By Dan Kontos
On June 22, long-time administrator for the Village of Plover, Dan Mahoney, announced that he will be retiring next February. For almost 20 years, Dan has guided his municipality through both smooth and rough waters, and his fellow citizens have benefited greatly.
Under Dan’s leadership, the once sleepy little village now is home to over 13,000 people and has an impressive equalized value of almost $1.3 billion. As village administrator, he has counseled and guided many elected officials who were wise enough to listen.
While Dan didn’t always get his way, everyone agreed that his positions were sound, justified, and always with a long view of what was ahead. He constantly kept the welfare of the citizens and his employees in mind and was not one to grab the spotlight for himself. Other municipalities would do well to take notes.
Unlike elected officials, Dan was a professional public administrator, trained and experienced in the management of government. His steady and comprehensive approach to municipal governance kept him in his position longer than a great many of his peers. He didn’t get his position by winning a popularity contest, but by proving his value to the village time and time again.
Our republican form of government centers around electing people to represent us and make informed decisions. Wise office holders do well to take the counsel of those trained and experienced professionals who are intimately familiar with the inner working of public management, which can become very complex at times. However, all too often, elected officials seem to forget that they don’t know what they don’t know, and allow their status to cloud their judgement.
Don’t misunderstand me; we need good representation by people of good character who are accountable to the people, and elections seem to be a good way to go about this. But career politicians, tone deaf partisan stooges, and single-issue advocates have poisoned our system and must be purged at the polls on all levels.
If you are a student of politics, or even a casual but informed observer, you probably find that you are in distressing times. Magnified through the lens of national affairs, we frequently decry the actions of politicos who often seem to act out of self-interest, rather that the good of the whole.
Take heart: the more you focus in on local government, the more you are buoyed by what you see. Professionals, like Dan Mahoney, are helping to keep our communities not only afloat, but even thriving—despite what is happening in Madison and the District of Columbia.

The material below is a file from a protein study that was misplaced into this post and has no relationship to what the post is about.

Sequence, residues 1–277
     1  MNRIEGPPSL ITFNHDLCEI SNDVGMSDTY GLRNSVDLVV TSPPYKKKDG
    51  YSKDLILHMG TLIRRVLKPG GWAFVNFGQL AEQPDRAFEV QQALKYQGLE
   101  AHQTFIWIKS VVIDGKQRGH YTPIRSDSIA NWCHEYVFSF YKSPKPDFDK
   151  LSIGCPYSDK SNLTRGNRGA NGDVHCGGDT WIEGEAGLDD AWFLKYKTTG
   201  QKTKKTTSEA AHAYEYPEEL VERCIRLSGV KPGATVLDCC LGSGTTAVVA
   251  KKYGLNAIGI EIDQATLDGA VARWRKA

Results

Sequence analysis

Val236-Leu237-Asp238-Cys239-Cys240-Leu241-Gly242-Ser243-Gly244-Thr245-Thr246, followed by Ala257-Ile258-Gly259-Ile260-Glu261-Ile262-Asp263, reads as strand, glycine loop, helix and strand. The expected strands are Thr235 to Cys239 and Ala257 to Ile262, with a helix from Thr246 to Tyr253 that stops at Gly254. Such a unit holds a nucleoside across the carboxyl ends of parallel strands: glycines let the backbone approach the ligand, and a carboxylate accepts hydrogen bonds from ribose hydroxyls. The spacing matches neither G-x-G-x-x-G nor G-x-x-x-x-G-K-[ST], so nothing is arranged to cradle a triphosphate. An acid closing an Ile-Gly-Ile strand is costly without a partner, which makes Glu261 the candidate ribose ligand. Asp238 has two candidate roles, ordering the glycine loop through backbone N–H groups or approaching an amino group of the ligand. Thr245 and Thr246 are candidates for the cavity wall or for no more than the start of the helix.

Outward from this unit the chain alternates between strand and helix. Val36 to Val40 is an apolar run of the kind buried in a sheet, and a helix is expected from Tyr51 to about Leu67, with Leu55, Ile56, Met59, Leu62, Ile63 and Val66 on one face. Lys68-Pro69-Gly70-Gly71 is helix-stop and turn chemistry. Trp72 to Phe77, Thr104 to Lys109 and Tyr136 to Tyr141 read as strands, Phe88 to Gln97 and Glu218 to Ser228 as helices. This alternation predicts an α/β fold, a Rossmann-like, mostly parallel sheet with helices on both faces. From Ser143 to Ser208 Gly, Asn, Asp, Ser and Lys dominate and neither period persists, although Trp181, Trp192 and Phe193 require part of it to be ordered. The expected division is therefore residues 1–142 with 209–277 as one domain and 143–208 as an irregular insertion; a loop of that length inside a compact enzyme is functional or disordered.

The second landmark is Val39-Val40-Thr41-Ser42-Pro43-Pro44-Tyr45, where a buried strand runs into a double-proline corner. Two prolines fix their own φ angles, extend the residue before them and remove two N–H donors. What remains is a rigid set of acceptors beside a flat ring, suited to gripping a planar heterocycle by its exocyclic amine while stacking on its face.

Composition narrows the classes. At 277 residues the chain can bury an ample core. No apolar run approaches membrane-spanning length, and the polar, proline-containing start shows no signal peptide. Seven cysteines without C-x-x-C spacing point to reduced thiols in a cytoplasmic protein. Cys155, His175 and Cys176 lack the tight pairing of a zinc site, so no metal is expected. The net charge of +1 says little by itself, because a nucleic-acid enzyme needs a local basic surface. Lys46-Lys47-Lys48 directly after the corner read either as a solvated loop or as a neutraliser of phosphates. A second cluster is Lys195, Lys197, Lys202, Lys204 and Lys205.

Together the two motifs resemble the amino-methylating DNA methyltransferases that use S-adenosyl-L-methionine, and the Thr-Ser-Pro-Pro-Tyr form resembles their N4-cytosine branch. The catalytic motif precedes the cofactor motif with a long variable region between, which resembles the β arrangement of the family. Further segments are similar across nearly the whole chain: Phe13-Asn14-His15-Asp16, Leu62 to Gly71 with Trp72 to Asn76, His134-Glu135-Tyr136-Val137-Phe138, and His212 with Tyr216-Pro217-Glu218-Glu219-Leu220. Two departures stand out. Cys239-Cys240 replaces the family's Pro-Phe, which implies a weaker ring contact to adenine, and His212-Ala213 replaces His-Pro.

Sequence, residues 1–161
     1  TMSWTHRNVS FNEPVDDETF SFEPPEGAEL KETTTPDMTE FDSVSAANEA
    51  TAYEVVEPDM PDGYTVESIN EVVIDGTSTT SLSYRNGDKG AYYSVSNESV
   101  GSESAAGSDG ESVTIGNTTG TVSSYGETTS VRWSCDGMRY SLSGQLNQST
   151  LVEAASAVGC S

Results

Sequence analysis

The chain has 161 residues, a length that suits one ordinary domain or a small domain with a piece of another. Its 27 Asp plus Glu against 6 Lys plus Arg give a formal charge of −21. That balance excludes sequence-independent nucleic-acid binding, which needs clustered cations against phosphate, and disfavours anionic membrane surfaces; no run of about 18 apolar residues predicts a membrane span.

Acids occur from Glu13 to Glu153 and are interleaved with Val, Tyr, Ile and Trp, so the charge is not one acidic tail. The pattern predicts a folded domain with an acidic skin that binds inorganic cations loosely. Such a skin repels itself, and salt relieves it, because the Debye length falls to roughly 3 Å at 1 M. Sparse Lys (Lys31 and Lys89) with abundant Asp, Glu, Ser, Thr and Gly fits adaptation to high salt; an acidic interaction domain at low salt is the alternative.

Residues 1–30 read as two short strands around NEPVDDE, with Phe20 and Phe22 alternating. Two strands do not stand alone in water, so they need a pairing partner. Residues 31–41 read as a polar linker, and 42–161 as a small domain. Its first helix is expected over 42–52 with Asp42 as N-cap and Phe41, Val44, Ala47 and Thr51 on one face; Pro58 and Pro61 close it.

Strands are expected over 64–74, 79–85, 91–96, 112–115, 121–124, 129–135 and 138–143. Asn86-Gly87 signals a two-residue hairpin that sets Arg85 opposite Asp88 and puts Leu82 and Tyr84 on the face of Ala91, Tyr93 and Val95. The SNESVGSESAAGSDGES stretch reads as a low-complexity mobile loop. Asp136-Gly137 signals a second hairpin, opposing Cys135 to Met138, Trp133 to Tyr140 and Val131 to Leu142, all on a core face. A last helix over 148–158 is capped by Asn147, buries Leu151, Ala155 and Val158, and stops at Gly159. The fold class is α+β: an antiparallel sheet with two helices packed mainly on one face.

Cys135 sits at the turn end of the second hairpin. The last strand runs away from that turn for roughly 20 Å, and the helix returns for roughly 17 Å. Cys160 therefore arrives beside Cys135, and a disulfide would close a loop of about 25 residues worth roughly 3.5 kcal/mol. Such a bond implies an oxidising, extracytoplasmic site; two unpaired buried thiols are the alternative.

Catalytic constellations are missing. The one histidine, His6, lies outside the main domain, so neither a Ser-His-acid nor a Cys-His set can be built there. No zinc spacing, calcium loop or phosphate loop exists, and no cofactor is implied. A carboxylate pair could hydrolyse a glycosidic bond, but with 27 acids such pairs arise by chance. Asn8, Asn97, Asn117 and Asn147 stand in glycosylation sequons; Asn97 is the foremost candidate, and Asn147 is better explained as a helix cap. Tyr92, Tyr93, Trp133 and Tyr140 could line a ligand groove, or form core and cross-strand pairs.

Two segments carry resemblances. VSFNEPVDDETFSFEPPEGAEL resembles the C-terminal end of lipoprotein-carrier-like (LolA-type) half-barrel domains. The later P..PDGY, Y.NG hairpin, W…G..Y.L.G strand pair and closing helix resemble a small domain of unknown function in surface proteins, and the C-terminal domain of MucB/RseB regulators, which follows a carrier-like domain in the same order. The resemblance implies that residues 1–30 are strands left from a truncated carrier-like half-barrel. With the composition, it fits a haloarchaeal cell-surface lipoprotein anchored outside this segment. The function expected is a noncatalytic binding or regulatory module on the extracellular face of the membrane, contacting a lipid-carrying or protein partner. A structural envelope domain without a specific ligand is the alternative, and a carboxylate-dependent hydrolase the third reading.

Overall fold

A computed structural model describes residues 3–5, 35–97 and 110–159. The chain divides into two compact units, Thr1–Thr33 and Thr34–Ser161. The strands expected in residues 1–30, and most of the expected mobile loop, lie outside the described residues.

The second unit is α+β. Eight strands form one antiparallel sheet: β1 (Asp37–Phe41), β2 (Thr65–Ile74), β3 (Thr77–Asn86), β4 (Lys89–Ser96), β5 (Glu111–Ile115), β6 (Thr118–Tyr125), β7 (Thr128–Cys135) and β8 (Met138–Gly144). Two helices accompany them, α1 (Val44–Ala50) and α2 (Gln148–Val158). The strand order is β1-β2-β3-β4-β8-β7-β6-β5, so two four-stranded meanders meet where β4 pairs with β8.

This is where I am expected to insert the almost mandatory disclaimer that no government is perfect, since it is run by people, and people make mistakes. Yes, yes, I understand. After all, the Village of Plover just went through the great chicken debate. Good grief, if that’s the worst that the village has to suffer through, I think there is hope that we will all survive.
Administrators make many decisions in the course of their duties, but they are not the final authority. That falls on the shoulders of our elected officials. We, the voters, are ultimately responsible for the people who are selected for those positions. Take your responsibility at the ballot box seriously.
There are a lot of great local office holders who are dedicated to their communities, and we are grateful for their service. Many of them are little known, as they don’t seek the limelight. They quietly and proficiently go about their work. Others, well frankly, fall into the category of garbage in, garbage out. Know any of those? Choose wisely.
In true Dan Mahoney fashion, he has laid out a long-term succession plan, including training his replacement, and then even the next replacement after that. He has consulted with his bosses—the elected officials in Plover—and has made his transition as painless as he could. We would expect nothing less.
With all of the horrible news as of late, I thought it was important to highlight one of the truly good guys that has done so much for his community, and his neighbors. Dan’s retirement is well deserved, and he will truly be missed. His shoes may be big to fill, but the footprints that he will leave behind will last forever.
Well done, Mr. Mahoney. Well done indeed.
So, with that, let’s meet in the opinion section to talk about all of it, boldly, unafraid, and with a healthy earned respect for each other. Until then, God bless.
Dan Kontos is a paid columnist for the Metro Wire. He chooses his own topics and his opinions do not necessarily represent the staff of the Metro Wire. He lives with his family in Whiting.
Interested in becoming a columnist for the Metro Wire? Email [email protected]